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When Character Was King: A Story of Ronald Reagan by Peggy Noonan

 

Recommendation:

 

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Saint Ronald

Peggy Noonan tells a heart-warming tale of a person she admires greatly in her new book, When Character Was King: A Story of Ronald Reagan. Readers looking for a researched biography of President Reagan will need to look elsewhere. When Character Was King is a story of a man of 20th century America, who acted with integrity, and whose good nature was genuine.

Reagan’s character was formed in hardship: an alcoholic father; communist-organized labor strikes while Reagan was in leadership posts with the Screen Actors Guild; career setbacks. Here’s an excerpt that concludes with a point of view from Noonan that permeates the book:

“Reagan went before HUAC to declare under oath that Hollywood was taking care of its problems, and didn’t need or welcome the federal government’s intrusion, or its investigations or subpoenas. ‘Ninety-nine percent of us are pretty well aware of what is going on, and I think we have done a pretty good job in our business of keeping those people’s activities curtailed. I do not believe the Communists have ever at any time been able to use the motion picture screen as a sounding board for their philosophy or ideology.’
Reagan, Olivia de Havilland and others with whom he had become close were determined to protect the innocent. And so they joined together again, forming an industry council to reach out to people who were being threatened with blacklisting and help them clear themselves. Reagan also pushed for the council to protect actors who were the focus of rumors and innuendos regarding their politics.
Near the end of the Hollywood Communist battles, Ronald Reagan received the greatest review of his life. The actor Sterling Hayden, a hero of World War II who had won a Bronze Star for fighting behind the lines in Yugoslavia, had come home to America and joined the Communist Party, in part as an act of loyalty and support to those anti-Nazi Communists he had fought alongside. But soon he renounced the party. He was later asked why the Communists had not succeeded in winning control of the movie industry. Hayden said they ran into ‘a one-man battalion of opposition’ named Ronald Reagan.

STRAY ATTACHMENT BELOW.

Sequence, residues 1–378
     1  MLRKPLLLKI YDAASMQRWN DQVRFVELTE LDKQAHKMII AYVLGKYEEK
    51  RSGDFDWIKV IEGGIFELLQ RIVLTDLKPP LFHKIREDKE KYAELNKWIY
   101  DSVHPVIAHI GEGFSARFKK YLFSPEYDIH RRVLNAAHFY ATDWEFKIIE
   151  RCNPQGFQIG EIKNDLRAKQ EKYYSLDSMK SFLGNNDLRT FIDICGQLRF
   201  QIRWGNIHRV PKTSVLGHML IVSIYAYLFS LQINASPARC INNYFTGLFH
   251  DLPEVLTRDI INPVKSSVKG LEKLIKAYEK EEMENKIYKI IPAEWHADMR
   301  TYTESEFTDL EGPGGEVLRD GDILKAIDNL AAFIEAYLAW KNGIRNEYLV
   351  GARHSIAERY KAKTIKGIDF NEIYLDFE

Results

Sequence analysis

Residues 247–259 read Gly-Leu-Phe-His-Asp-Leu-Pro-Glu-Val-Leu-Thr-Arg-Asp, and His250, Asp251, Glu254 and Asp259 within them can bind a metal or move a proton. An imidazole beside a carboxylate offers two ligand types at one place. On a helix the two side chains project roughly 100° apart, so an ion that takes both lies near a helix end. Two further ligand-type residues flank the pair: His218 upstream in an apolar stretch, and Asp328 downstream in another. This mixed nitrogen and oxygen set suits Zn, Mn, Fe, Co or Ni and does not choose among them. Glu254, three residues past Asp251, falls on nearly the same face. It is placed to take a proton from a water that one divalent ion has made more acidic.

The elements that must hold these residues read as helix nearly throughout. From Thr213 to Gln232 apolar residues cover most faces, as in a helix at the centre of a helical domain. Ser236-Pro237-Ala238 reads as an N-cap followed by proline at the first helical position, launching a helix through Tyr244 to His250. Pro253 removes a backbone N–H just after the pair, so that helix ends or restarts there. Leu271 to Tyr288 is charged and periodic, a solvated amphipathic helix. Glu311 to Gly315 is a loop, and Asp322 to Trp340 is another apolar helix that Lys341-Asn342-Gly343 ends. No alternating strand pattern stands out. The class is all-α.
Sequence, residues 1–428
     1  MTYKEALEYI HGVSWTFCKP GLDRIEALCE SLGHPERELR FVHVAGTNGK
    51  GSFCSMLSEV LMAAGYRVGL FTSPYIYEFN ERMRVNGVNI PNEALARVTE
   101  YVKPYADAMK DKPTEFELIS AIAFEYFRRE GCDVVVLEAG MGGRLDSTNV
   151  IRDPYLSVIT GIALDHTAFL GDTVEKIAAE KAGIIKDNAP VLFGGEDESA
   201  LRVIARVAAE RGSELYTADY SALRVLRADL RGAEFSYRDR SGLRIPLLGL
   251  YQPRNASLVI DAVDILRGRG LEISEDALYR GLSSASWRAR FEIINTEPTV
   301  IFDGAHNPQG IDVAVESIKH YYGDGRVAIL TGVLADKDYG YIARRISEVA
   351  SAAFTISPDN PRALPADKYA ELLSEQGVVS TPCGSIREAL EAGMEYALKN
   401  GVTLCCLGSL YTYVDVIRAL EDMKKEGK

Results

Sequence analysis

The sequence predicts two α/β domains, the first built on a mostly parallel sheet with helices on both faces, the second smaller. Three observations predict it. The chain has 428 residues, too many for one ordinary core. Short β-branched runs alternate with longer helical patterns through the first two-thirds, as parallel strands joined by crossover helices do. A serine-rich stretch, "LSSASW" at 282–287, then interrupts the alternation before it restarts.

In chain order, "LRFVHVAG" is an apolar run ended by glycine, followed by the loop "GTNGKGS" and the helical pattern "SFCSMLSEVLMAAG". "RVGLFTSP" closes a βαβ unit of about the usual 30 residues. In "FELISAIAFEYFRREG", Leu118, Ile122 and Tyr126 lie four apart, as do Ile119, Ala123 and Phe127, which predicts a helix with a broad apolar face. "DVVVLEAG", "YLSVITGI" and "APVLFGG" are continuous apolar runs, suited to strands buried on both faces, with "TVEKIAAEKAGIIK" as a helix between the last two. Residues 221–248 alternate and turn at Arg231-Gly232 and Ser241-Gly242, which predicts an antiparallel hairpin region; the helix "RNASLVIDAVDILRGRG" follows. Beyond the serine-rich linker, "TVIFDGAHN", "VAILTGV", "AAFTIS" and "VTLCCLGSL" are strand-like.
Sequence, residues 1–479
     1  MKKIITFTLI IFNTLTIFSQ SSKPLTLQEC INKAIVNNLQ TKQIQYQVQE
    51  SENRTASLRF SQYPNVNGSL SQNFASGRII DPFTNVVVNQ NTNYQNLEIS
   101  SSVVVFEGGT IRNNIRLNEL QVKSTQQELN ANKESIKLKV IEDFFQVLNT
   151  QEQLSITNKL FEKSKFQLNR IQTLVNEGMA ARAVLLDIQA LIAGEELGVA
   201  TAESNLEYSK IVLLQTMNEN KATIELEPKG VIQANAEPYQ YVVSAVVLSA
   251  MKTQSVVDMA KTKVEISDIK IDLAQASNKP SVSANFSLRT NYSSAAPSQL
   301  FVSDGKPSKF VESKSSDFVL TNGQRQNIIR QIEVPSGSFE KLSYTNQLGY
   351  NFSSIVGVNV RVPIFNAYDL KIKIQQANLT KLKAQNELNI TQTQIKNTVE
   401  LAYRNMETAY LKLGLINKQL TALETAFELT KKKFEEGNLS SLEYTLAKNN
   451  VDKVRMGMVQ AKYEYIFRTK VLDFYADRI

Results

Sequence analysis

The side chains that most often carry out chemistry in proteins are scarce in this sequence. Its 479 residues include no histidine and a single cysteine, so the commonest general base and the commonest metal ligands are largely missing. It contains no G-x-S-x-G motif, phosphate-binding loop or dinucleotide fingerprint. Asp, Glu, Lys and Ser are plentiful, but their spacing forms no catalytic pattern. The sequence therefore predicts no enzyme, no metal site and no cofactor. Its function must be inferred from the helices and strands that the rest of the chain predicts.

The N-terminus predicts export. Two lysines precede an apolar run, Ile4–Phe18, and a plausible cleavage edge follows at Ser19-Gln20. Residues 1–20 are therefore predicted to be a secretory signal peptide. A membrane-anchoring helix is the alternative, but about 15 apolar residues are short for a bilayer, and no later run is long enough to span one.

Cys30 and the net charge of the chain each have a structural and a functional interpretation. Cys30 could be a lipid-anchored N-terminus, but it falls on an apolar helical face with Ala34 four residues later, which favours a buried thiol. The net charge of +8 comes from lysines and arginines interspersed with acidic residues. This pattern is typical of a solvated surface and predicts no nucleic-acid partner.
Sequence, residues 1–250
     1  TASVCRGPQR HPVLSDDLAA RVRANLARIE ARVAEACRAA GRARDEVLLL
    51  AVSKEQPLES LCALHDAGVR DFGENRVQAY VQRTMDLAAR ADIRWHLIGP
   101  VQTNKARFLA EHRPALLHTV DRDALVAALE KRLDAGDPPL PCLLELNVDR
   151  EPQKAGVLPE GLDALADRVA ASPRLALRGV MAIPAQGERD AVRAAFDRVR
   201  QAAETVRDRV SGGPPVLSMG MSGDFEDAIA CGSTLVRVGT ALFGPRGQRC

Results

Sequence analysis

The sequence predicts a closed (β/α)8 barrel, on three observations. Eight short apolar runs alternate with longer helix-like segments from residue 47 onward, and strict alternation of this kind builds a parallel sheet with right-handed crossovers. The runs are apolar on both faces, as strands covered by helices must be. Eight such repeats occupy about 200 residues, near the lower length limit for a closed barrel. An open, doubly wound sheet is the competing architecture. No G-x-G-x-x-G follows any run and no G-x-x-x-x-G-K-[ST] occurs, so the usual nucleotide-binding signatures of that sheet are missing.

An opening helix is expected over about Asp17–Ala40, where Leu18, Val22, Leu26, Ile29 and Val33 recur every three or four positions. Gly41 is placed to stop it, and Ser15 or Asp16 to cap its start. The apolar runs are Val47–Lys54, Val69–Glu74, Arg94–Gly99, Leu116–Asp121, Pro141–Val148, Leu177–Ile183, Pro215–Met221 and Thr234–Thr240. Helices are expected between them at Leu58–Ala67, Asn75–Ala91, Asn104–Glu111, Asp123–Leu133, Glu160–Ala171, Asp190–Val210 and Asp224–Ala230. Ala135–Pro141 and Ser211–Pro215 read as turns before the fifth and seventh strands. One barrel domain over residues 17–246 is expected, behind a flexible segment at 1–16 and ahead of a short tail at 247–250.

‘In the end, we stopped the Communists cold,’ Reagan later said. It was a brag, but few those days would have argued with his right to it.
And I would add, simply, that it was in this drama that Reagan’s character was fully revealed. In a time of malice he was not malicious; in a time of lies he did not falsify; in a time of great pressure he didn’t bend or break; in a time of disingenuousness he was clear and candid about where he stood and why. And in a time when people just gave up after a while and changed the subject, he remained on the field through all the long haul.”

Admirers of Reagan will enjoy celebrating his life by reading When Character Was King. Those who think less highly of the former President will find plenty to gag on when they read Noonan’s book.

Steve Hopkins, March 20, 2002

 

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